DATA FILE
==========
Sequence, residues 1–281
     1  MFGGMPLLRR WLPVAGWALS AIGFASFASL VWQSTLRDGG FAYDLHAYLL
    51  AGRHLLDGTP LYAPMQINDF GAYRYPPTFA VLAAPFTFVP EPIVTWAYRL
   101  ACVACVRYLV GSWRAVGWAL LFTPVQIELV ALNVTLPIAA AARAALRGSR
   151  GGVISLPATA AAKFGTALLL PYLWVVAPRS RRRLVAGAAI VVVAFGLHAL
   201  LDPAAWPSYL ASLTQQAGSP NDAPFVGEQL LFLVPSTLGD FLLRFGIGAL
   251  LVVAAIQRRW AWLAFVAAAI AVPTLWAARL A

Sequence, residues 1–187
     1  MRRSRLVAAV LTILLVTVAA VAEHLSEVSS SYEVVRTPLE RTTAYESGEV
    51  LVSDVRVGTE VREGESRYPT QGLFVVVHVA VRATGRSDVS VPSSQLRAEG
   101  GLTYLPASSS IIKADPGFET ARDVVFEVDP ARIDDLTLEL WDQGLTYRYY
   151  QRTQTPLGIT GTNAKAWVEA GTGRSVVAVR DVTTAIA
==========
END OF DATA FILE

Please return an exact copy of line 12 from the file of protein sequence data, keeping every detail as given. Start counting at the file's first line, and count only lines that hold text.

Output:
   151  QRTQTPLGIT GTNAKAWVEA GTGRSVVAVR DVTTAIA